Aldridge v. Abram & Hawkins Excavating Co.Annotate this Case
474 N.E.2d 107 (1985)
Bennie L. ALDRIDGE, Appellant (Plaintiff below), v. ABRAM & HAWKINS EXCAVATING CO., Inc., Appellee (Defendant below).
Court of Appeals of Indiana, Fourth District.
February 12, 1985.
Rehearing Denied March 22, 1985.
Transfer Denied May 17, 1985.
*108 James L. Crawford, Sacopulos, Crawford & Johnson, Terre Haute, for appellee.
George N. Craig, Jeffrey A. Boyll, Craig & Craig, Brazil, Mann, Chaney, Johnson & Goodwin, Terre Haute, for appellant.
Appellant Bennie L. Aldridge (Aldridge) appeals a jury verdict in favor of appellee Abram & Hawkins Excavating Co., Inc. (Abram & Hawkins) in an action arising from personal injuries he suffered in a work-related accident.
Aldridge presents one issue, which we have restated, for our review:
Did the trial court err by allowing Abram & Hawkins to introduce evidence of workmen's compensation Aldridge received for injuries suffered in a previous accident while working for the same employer?FACTS
In December 1978 Aldridge worked for the Sullivan County Highway Department, spreading gravel on county roads. His job duties involved driving a dump truck to the Abram & Hawkins gravel pit, waiting while Abrams & Hawkins employees loaded washed gravel into his truck with a payloader, and then proceeding to the county roads where he used a hoist to lift the dump body while driving along to spread the gravel on the road surfaces. Chunks of frozen gravel often became caught in the tailgate of the truck. Aldridge would have to dislodge them. There are several methods of dislodging frozen gravel: (a) breaking it into smaller chunks, (b) lifting it out of the bed, (c) opening the gate fully and dumping the entire chunk, (d) using a payloader, and (e) parking the truck inside to allow the gravel to thaw.
On December 12 a large chunk of frozen gravel became lodged in the tailgate of Aldridge's truck. Having no tools to break up the chunk, he tried to lift the entire chunk out of the truck. Aldridge estimated the chunk was three feet by two feet by eighteen inches. According to other testimony, that much gravel would have weighed approximately 945 pounds. As he attempted to lift the frozen gravel from his truck, Aldridge suffered a back injury, the basis for this suit. After suffering the injury Aldridge backed his truck against a bridge to loosen his tailgate chains, then used the truck hoist to dump the chunk at the side of the road.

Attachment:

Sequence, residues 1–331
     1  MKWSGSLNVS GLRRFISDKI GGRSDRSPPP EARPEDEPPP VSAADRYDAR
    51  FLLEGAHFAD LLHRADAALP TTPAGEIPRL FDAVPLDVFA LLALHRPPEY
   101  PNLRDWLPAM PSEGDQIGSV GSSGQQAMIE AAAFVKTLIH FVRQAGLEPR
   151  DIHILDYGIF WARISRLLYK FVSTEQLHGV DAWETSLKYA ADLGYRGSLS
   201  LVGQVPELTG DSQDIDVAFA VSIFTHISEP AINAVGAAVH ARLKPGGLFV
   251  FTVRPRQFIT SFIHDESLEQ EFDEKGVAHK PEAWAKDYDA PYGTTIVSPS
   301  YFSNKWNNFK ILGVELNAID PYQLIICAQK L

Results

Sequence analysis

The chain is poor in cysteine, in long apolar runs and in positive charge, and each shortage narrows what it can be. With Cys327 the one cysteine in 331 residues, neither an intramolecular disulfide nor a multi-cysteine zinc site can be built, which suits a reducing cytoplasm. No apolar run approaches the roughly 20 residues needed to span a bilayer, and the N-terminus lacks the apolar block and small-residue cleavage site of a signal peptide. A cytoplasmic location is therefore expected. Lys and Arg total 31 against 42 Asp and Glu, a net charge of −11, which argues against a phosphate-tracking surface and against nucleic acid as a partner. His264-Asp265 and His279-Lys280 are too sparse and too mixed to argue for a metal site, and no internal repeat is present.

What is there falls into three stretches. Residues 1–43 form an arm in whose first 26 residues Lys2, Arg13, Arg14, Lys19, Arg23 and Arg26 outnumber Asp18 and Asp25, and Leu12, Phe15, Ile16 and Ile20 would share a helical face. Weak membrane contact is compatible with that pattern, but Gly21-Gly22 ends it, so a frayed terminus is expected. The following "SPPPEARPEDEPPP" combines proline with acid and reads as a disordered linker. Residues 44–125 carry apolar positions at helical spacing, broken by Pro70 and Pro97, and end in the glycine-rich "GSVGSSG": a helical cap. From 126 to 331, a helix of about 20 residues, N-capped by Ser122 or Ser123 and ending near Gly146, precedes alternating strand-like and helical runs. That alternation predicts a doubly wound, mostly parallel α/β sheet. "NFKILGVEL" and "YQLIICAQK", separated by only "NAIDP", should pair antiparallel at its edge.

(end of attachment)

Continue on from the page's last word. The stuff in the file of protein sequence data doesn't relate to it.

In 1976 Aldridge suffered a previous back injury while working for the Department. This accident resulted in an injury similar to the injury here at issue. At trial, Abrams & Hawkins introduced evidence of Aldridge's previous injury, and evidence the injury still bothers him. Abrams & Hawkins also sought to introduce evidence of the total amount Aldridge received as workmen's compensation for the previous injury as evidence of the extent of that injury. After a hearing outside the presence of the jury, the trial judge admitted evidence of the amount paid as workmen's compensation benefits for the previous injury, but prohibited any such evidence as to the present injury.
At the close of all evidence the jury entered a verdict in favor of Abrams & Hawkins.DISCUSSION AND DECISION
Aldridge contends the admission of evidence relating to the workmen's compensation claim for the prior accident put the jury on notice he could claim workmen's compensation for the present injury. Thus, he opines, Abrams & Hawkins violated the collateral source rule, such violation prejudiced him, and he is entitled to reversal. We disagree.
Aldridge correctly posits the collateral source rule in Indiana states compensation for the loss received by plaintiff from a collateral source, independent of the wrongdoer, as from insurance, cannot be set up by the wrongdoer in mitigation of damages. Evans v. Breeden (1975), 164 Ind. App. 558, 561, 330 N.E.2d 116, 118; 9 I.L.E. Damages § 86. Evidence of benefits from a collateral source tends to prejudice *109 the jury and influence its verdict not only as to damages but also as to liability. Evans, 164 Ind. App. at 561, 330 N.E.2d at 118; Brindle v. Harter (1965), 138 Ind. App. 692, 700, 211 N.E.2d 513, 518.
Were we to assume, arguendo, however, the collateral source rule was violated by the admission into evidence of the amount of workmen's compensation paid for the prior injury, the decision of the trial court still must be affirmed.
Every violation of the collateral source rule does not constitute reversible error. The complaining party must show the erroneously admitted evidence could have affected the final verdict. Evans, supra, 164 Ind. App. at 561, 330 N.E.2d at 118; Brindle, supra, 138 Ind. App. at 699, 211 N.E.2d at 517. In this case, viewing the evidence as a whole, we conclude the introduction of the amount of workmen's compensation benefits paid for the prior injury, even if error, was harmless.
The record reveals the references to workmen's compensation which Aldridge complains of appear in a deposition of Aldridge which Abrams & Hawkins read into evidence. These references consist of only ten questions of more than 560 read into evidence and each referred specifically to previous injuries. There was no direct evidence or insinuation at trial the injury which was the basis for this suit qualified for workmen's compensation benefits, or Aldridge had received workmen's compensation for this injury. The mere chance the jury might deduce the present injury was likewise compensable is too speculative to warrant reversal. Where the appellant fails to show actual prejudice to his cause there are no grounds for reversal. United Farm Bureau Mutual Insurance Co. v. Blanton (1983), Ind. App., 457 N.E.2d 609, 613; City of Indianapolis v. Ervin (1980), Ind. App., 405 N.E.2d 55, 62.
MILLER, P.J., and YOUNG, J., concur.